It's more fun with Phil Mickelson. If Tiger Woods is a Nick Saban-like Alabama machine that clinically gets ahead and destroys you from out front, Phil is like a Dana Holgorsen West Virginia team that could light up the scoreboard and set records, implode at any minute in red-faced fashion, or score 28 points to come from behind in the final five minutes as all watching lose their minds. Excellence, dominance isn't always fun. But with Phil, it is.
On Sunday, Mickelson played the best round of his life -- rolling in birdies on four of the last six holes to run away with the 2013 Open Championship.
Unlike past Phil victories, and implosions, this Sunday drama kind of came out of nowhere. Mickelson had hung around all week, sticking near the first page of the leaderboard, avoiding a major blow-up and steadily saving pars with his improved putter. That was also the case for more than three hours on Sunday, as Phil just settled there a few shots back of the leaders, failing to make a move in what appeared to be a second-straight top-10 finish at a major. With Phil, there's always a build up on Sundays, a four-hour march full of good and bad adventures and with a crescendo of victory or disaster.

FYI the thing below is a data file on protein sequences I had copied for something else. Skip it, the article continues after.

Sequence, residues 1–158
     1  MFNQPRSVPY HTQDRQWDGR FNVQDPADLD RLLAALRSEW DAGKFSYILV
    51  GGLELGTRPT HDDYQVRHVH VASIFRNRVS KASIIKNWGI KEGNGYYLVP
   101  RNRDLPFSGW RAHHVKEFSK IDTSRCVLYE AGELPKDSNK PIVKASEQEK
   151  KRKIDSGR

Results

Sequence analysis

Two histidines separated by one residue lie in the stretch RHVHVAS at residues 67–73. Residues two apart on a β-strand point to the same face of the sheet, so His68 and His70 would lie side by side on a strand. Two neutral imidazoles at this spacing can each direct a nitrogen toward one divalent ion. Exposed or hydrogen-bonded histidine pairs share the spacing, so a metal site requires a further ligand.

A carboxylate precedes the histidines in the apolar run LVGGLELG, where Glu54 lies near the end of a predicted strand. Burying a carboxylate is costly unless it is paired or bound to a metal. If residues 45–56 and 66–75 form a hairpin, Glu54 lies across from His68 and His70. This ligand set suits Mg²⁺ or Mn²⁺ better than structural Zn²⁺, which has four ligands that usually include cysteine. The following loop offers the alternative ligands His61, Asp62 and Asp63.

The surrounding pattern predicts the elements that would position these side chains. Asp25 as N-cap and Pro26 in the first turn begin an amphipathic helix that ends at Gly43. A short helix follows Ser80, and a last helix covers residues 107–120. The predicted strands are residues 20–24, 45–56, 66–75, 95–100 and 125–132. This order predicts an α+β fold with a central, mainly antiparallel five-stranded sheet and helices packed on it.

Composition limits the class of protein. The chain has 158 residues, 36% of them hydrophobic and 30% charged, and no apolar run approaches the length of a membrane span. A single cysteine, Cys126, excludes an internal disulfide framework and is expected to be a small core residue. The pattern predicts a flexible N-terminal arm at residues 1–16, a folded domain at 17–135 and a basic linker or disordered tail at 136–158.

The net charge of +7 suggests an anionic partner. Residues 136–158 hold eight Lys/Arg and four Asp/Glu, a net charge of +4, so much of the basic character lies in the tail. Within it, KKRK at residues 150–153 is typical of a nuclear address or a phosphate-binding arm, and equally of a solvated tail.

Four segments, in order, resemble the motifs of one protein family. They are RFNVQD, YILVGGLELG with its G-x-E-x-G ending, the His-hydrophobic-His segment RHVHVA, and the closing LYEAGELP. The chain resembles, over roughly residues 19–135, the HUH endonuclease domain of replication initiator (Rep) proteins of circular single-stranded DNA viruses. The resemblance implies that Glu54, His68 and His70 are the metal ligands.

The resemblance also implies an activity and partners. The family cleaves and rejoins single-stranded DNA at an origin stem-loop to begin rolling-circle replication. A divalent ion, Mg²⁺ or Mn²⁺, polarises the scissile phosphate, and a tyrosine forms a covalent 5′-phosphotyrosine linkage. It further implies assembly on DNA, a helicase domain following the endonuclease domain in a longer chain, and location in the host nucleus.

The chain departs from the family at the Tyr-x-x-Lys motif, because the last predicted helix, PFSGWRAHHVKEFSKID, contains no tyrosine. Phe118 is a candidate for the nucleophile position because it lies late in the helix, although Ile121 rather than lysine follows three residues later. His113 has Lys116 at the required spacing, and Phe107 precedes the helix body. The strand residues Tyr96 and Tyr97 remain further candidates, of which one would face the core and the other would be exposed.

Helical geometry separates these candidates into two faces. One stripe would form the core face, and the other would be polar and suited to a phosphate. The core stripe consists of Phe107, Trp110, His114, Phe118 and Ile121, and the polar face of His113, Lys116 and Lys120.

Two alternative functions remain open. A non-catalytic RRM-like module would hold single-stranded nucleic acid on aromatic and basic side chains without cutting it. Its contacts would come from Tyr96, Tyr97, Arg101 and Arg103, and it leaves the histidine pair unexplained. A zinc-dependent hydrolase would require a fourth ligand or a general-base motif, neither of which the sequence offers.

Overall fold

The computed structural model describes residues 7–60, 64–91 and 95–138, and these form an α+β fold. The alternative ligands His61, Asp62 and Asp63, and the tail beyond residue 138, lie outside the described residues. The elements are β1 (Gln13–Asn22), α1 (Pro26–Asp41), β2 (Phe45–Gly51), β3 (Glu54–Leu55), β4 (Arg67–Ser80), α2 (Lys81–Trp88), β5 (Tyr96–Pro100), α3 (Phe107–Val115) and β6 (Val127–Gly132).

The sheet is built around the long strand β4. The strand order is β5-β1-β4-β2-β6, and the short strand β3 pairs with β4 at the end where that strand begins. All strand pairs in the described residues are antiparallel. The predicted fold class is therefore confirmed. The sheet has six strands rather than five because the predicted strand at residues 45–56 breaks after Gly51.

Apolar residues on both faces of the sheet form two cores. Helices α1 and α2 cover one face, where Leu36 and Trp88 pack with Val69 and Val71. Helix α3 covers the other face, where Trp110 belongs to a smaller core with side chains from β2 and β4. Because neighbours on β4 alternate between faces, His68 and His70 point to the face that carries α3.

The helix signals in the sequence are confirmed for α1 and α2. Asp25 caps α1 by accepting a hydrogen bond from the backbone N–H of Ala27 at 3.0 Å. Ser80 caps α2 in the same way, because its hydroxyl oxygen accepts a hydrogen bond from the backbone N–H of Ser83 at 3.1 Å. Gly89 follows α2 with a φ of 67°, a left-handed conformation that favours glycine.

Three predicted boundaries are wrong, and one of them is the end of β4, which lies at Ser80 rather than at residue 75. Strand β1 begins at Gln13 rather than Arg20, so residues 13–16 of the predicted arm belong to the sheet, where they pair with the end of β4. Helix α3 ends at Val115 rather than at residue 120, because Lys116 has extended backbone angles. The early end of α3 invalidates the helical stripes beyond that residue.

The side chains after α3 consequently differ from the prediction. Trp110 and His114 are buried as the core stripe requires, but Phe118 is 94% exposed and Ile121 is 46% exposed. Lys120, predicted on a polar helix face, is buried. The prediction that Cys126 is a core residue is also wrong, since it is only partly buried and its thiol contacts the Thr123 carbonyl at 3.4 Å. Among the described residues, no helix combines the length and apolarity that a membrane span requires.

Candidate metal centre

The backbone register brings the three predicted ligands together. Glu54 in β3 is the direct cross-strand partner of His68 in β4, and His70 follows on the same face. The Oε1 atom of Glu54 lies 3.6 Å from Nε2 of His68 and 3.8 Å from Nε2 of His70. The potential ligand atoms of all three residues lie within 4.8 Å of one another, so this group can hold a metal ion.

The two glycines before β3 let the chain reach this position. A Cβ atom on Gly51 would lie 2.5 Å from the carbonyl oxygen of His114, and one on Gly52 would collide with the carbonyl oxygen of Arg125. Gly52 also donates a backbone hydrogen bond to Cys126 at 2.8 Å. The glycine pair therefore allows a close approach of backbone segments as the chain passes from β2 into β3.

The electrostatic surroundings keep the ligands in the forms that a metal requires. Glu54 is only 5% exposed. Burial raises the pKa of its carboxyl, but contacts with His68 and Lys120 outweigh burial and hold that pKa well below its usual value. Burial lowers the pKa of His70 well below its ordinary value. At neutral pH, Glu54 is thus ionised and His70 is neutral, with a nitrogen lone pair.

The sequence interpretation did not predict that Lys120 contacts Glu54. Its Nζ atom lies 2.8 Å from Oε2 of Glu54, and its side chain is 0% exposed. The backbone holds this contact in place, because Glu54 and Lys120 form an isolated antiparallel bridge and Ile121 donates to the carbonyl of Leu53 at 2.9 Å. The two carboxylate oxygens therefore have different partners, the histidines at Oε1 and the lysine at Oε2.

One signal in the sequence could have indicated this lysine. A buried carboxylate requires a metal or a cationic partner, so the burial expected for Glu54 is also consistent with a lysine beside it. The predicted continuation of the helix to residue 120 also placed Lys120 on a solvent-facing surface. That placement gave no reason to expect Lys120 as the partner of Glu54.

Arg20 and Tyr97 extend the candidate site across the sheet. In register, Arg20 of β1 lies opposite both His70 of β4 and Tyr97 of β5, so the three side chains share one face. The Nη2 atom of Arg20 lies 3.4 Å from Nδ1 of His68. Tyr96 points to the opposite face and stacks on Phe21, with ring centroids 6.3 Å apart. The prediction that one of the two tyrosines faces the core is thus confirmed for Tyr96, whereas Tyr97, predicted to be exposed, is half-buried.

But at Muirfield, Mickelson wasn't really the fixture of the Sunday coverage. And then all of a sudden it was over, a three-shot win in the bag built on the greatest round of his life. He hovered, and then bolted through the final six holes for a 5-under 66 that Scotland's own Colin Montgomerie called one of the best in the 142-year history of The Open. Comparing it with Watson's run in 1977 at Turnberry and Greg Norman's 64 at Royal St. George's, Monty went on Golf Channel Sunday night and said Phil's 66 was "as good, if not better than them all. This was one of the greatest rounds of British Open history."
Maybe the out-of-nowhere, final-hour nature of the win is due to Mickelson's own admission that he wasn't cut out for the style of golf at The Open. At the Claret Jug ceremony, Mickelson told the crowd he didn't know if he'd ever have the right game, and shots, equipped for the British Open. "I wasn't confident I'd ever be able to develop the game and skills to conquer links golf," he added to Golf Channel after the round. His high-ball hitting ways usually resulted in middling finishes, his chances blown away in the windy links setups. Unlike the other three majors, it was rare to see Phil on Sunday at The British and he was never a serious contender. So an often off-the-radar Mickelson was just there in the background before blitzing Muirfield's finish in the most Phil way.